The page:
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Unformatted text preview: Biology 131 Outline of lectures on animal development and Problem Set 5 In the study of development, we wish to understand how the complexity of the adult multicellular animal emerges from the relative simplicity of the egg. It has long been established that that the degree of preformation of the embryo in the egg is slight; the pattern of the embryo (and the adult) develops gradually by the process of epigenesis. I. Fertilization Development is a cyclical process. Adult organisms, when reproducing sexually, make haploid gametes (egg and sperm) that unite to form a fertilized egg, the zygote. The zygote then undergoes a series of mitotic cell divisions to form a blastula, which then gastrulates to form the three layered embryo. Through the process of epigenesis , the form of the embryo gradually emerges, until an adult finally appears. In many cases, the adult form is preceded by a free- living larval form, such as the tadpoles of amphibians. In other cases, such as mammals, the adult develops directly from the embryo. We first considered how the gametes arise. Early in embryonic development, a special group of cells, the germ line cells, are set aside. These cells are already fated to become the gametes of the future adult. The processes of spermatogenesis and oogenesis, each involving meiosis, lead to the formation of sperm and eggs, respectively in the gonads. The point in the meiotic cycle that an oocyte becomes a fertilizable egg varies considerably from species to species. In the case of the frog, the oocyte matures to second meiotic metaphase, where it arrests and becomes a fertilizable egg. The arrest is relieved by fertilization, and the egg then finishes meiosis before the eggs nucleus fuses with the sperm nucleus. In the case of the sea urchin, the egg is not fertilizable until meiosis is completed. Strictly speaking, the female gamete is called an oocyte before it is fertilizable and an egg after it becomes fertilizable, regardless of the meiotic state. The fertilization process in sea urchins begins when the eggs and sperm are released into the sea water and the sperm sense a chemical signal that attracts them to the eggs. When a sperm encounters the egg jelly, it triggers the acrosome reaction , which involves the fusion of the acrosomal vesicle with the sperms plasma membrane and the release of its contents to the extracellular space, the polymerization of the pool of G-actin into filamentous f-actin, and the extension of the acrosomal process. This process occurs in many sperm cells that are attracted to a single egg as they all vie to become the one that fertilizes the egg. Even if thousands of sperm contact the outer coats of an egg, only one actually fuses with the egg and fertilizes it. If more than one sperm fertilizes the egg, that condition is called polyspermy and is lethal in sea urchins, as well as in many other (but not all) species....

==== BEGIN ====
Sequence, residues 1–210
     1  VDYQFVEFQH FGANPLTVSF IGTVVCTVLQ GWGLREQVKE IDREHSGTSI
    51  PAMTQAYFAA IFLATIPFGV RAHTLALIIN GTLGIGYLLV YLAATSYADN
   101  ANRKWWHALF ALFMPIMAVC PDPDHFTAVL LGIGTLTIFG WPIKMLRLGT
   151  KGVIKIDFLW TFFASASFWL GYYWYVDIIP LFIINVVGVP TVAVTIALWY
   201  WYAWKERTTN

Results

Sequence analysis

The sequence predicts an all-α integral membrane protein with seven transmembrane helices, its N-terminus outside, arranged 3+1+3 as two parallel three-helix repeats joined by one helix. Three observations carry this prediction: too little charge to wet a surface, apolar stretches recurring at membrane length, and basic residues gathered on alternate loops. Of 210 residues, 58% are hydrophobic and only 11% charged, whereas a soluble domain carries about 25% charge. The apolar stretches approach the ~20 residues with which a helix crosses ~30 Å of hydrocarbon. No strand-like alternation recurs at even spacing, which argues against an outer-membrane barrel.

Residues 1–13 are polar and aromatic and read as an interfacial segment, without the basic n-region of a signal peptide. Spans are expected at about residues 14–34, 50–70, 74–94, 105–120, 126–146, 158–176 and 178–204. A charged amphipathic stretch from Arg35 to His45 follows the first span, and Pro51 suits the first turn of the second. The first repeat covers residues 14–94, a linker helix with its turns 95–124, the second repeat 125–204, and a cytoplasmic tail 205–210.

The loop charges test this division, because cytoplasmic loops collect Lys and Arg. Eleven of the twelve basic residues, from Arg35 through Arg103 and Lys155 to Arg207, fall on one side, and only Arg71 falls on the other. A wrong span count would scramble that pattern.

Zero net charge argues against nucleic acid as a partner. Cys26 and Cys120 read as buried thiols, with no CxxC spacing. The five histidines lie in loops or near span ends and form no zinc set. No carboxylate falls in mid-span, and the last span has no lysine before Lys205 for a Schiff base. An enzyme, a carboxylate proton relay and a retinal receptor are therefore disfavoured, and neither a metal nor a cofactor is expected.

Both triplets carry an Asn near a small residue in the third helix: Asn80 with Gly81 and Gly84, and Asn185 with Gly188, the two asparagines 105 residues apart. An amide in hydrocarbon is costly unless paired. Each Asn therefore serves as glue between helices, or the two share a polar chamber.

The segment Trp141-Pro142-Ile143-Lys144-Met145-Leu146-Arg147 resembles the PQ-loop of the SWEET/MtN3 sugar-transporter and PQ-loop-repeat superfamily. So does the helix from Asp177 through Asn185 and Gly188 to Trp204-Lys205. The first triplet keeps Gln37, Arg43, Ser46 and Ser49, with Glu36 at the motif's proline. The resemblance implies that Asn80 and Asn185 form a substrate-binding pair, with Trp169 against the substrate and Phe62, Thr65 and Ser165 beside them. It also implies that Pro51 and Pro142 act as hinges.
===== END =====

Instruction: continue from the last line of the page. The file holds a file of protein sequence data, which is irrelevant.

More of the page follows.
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- Spring '08